While the preferred embodiments of the invention have been shown and described, it will be apparent to those skilled in the art that changes and modifications may be made therein without departing from the spirit of the invention, the scope of which is defined by the appended claims.
|Cited Patent||Filing date||Publication date||Applicant||Title|
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|Citing Patent||Filing date||Publication date||Applicant||Title|
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|USD691665||Sep 26, 2012||Oct 15, 2013||Wms Gaming Inc.||Gaming machine|
|USD691666||Sep 26, 2011||Oct 15, 2013||Wms Gaming Inc.||Gaming machine|
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|USD704275||Jul 8, 2013||May 6, 2014||Wms Gaming Inc.||Gaming machine|
|USD712975||Apr 17, 2013||Sep 9, 2014||Wms Gaming Inc.||Gaming machine|
|USD730993||Sep 20, 2013||Jun 2, 2015||Wms Gaming Inc.||Inclined input interface for a gaming terminal|
|USD742974||Jun 4, 2014||Nov 10, 2015||Bally Gaming, Inc.||Gaming machine|
|USD760846||Apr 21, 2015||Jul 5, 2016||Bally Gaming, Inc.||Inclined input interface for a gaming terminal|
|USD771193||Oct 24, 2014||Nov 8, 2016||Bally Gaming, Inc.||Game display screen with multiple arrays of reels|
|U.S. Classification||273/127.00C, 273/127.00R|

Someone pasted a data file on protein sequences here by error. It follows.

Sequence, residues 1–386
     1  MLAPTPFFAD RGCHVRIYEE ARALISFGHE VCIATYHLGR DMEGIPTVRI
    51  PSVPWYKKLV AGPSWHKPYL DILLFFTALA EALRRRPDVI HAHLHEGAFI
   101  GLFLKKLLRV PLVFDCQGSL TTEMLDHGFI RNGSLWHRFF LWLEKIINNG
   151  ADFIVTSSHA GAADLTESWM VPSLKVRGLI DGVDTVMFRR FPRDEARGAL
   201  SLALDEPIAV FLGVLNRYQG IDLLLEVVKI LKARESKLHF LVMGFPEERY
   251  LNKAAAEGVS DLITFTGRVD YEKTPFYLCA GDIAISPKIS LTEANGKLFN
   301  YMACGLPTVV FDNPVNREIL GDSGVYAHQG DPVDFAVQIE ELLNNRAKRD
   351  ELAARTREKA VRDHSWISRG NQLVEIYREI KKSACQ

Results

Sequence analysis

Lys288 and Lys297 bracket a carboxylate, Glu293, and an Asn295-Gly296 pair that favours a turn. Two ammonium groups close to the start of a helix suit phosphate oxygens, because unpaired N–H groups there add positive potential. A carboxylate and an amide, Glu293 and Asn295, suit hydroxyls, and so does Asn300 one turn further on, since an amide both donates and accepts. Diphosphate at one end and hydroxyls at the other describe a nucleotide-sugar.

|International Classification||A63D13/00, A63F7/30, A63F7/02|
|Cooperative Classification||A63F7/3075, A63F7/027|
|European Classification||A63F7/30G5E, A63F7/02P1|
|Mar 6, 1998||AS||Assignment|
Owner name: WILLIAMS ELECTRONICS GAMES, INC., ILLINOIS
Free format text: ASSIGNMENT OF ASSIGNORS INTEREST;ASSIGNORS:EDDY, BRIAN R.;FRIESL, ROBERT C,;RODRIQUEZ, BENEDICTO;REEL/FRAME:009023/0929
Effective date: 19971104
|Nov 4, 2002||FPAY||Fee payment|
Year of fee payment: 4
|Oct 6, 2003||AS||Assignment|
Owner name: ILLINOIS PINBALL COMPANY, ILLINOIS
Free format text: ASSIGNMENT OF ASSIGNORS INTEREST;ASSIGNOR:WILLIAMS ELECTRONICS GAMES, INC.;REEL/FRAME:014546/0723
Effective date: 20030915
|Nov 22, 2006||REMI||Maintenance fee reminder mailed|
|May 3, 2007||SULP||Surcharge for late payment|
Year of fee payment: 7
|May 3, 2007||FPAY||Fee payment|
Year of fee payment: 8
|Dec 6, 2010||REMI||Maintenance fee reminder mailed|
|May 4, 2011||LAPS||Lapse for failure to pay maintenance fees|
|Jun 21, 2011||FP||Expired due to failure to pay maintenance fee|
Effective date: 20110504